What Are the Reactants of Photosynthesis?

By Liz Veloz; Updated April 24, 2017
Plants use the sun's energy to make their own food.

Photosynthetic organisms use light energy from the sun to transform two reactants, carbon dioxide and water, into sugar and oxygen gas. Green plants, algae and some bacteria can perform photosynthesis and are responsible for oxygenating the Earth's atmosphere.

The Reaction

Light energy transforms six carbon dioxide molecules and six water molecules into one molecule of glucose (sugar) and six molecules of oxygen gas.

Comsumption Vs. Production

In a chemical reaction, reactants are chemical compounds that are consumed or transformed to make the products. Thus, carbon dioxide and water are the reactants in photosynthesis, and glucose and oxygen are the products.

Complementary Processes

Photosynthesis and cellular respiration are complementary reactions. Cellular respiration is the process by which most cells make energy. The products of photosynthesis, oxygen and glucose, are the reactants of the cellular respiration reaction. In turn, the products of cellular respiration, carbon dioxide and water, are the reactants in photosynthesis.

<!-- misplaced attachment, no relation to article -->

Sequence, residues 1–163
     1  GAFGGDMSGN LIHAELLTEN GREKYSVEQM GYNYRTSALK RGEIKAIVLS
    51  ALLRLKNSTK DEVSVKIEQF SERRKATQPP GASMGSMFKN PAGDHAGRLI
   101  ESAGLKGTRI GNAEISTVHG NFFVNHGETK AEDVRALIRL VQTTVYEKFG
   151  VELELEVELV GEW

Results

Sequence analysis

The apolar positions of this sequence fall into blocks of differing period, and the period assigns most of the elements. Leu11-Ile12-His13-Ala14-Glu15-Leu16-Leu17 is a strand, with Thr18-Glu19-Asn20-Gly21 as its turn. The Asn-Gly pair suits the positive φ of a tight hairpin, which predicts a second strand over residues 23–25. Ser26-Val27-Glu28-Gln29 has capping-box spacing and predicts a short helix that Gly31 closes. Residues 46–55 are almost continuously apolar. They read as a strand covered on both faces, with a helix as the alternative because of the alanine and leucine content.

Worldwide Significance

Photosynthesis is responsible for absorbing atmospheric carbon dioxide and producing oxygen that is released into the atmosphere. Photosynthesis also creates an enormous biomass of carbohydrate (sugar) energy. Photosynthetic organisms make about 176 billion tons of carbohydrate each year.

History of the Atmosphere

Early in the planet's history, photosynthetic organisms were responsible for oxygenating the atmosphere. According to "Science News," photosynthetic organisms might have begun to oxygenate the atmosphere much earlier than was previously thought, as much as 2.7 billion years ago.

About the Author

Liz Veloz is a writer, scientist and college teacher living in Madison, Wis. Her science, travel and adventure writing has appeared in numerous literary journals and other publications. Veloz holds a doctorate in the biological sciences and a Master of Arts in English from the University of California, Davis.